Oh dear your daughter seems to have got herself all wound up about something way in the future that may never happen misunderstood. At 5 and 2 those boys are going to need your daughter for a heck of a long time yet. I think someone ( probably someone jealous of her lovely boys) has been putting ideas into her head based on the old fashioned assumption that once a son grows up and leaves home her motherly role will be done. What rubbish. I have a son and a daughter and am equally close to both of them. If anything my son is the more sensitive caring one of the two and the one who "needs" ( not the right word but you get what I mean) me the most. He asks my opinions more and it is my son who has given me my three beautiful grandchildren and a daughter in law!

Additionally none of us know how long we will be here for. I could never have guessed that I would still have my parents and indeed grandma around ( she is 96) at this time in my life.
I think perhaps your poor daughter is just feeling a bit down at the moment. Give her an extra hug from GN.

dorsetpennt Tue 08-Jan-13 09:50:48

You say she is coming up to 40, maybe thats the problem. By 40 you are expected to have made your mark on society maybe she feels she hasn't. Also men are still considered to be attractive at 40, for various reasons not always their looks - look at Ronnie Wood a wrinklie who has just married a very young woman. Would you see that in reverse? It's pretty rare. Women start to 'fade' to society at 40 - unfairly so. Having a daughter doesn't give you a companion for life - once she is married especially. I'm close to both my children.nmmmmmmmmmm [cat just walked over the keyboard having her say]. It could be her realising her chances of another baby are lessening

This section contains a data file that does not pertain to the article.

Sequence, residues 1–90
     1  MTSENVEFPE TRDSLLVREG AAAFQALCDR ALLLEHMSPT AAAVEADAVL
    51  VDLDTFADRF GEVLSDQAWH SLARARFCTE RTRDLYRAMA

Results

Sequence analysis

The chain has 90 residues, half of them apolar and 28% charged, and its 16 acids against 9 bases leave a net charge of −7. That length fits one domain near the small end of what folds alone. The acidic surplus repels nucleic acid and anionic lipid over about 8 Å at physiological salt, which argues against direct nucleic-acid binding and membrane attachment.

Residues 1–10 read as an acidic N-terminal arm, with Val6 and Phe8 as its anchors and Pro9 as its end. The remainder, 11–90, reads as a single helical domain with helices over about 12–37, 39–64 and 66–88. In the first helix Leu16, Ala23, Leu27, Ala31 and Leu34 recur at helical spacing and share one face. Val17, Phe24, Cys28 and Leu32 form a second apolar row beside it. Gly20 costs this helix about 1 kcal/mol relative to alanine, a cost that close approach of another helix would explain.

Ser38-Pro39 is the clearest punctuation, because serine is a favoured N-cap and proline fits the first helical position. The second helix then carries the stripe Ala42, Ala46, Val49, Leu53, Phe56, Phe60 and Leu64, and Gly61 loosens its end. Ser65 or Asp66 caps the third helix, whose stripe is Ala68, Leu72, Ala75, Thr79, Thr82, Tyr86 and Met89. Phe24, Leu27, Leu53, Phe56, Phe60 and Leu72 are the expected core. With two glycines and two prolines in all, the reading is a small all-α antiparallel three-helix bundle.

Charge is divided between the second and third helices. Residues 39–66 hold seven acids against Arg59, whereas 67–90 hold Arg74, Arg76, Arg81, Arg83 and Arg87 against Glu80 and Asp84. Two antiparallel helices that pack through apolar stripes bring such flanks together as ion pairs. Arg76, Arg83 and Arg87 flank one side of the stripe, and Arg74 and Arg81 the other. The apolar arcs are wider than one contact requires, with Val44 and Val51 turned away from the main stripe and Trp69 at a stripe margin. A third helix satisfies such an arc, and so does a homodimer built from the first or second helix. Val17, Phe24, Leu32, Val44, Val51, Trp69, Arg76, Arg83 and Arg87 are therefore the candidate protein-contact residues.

Maybe a spot of counselling would help her over this - or a lot of bolstering up by her family - just to get over this episode. If she hasn't a history of depression I think its just temporary.

JessM Tue 08-Jan-13 10:23:43

Yes this does sound like a candidate for a spot of counselling dorset - just what I was thinking as I skimmed down the thread. (Probably what your cat was thinking as it skimmed along the keyboard!)
I think a lot of mothers get sad when they realise just how fast their kids grow up.
And well, life ain't easy for us humans is it, cos we are aware that those we love will not be the same for ever or around for ever.
And it's one of those life long challenges isn't it. Trying not to make ourselves miserable about things that will or might happen in the future - prevents us from enjoying today.
So I'd say encourage her to get a personal recommendation to a good counsellor. If not the BAC website has list of registered ones.

glammanana Tue 08-Jan-13 11:17:23

misunderstood your DD may be suffering from the thought of not having a baby around the house now the little man is 2yrs and much more independant of her,you should maybe suggest she involves herself with more mums if she already doesn't or maybe something to occupy her mind when little one goes off to nursery.She could be suffering empty cradle syndrom rather than empty nest,I know a friend of DDs who is only at her happiest when she has a baby in the family.
A good counsellor will help I'm sure as suggested by other

misunderstood Fri 11-Jan-13 19:11:15

Thanks to everyone who has taken the time to comment and I have taken all points of view on board especially those who have sons and are now reaping the benefits of a daughter in law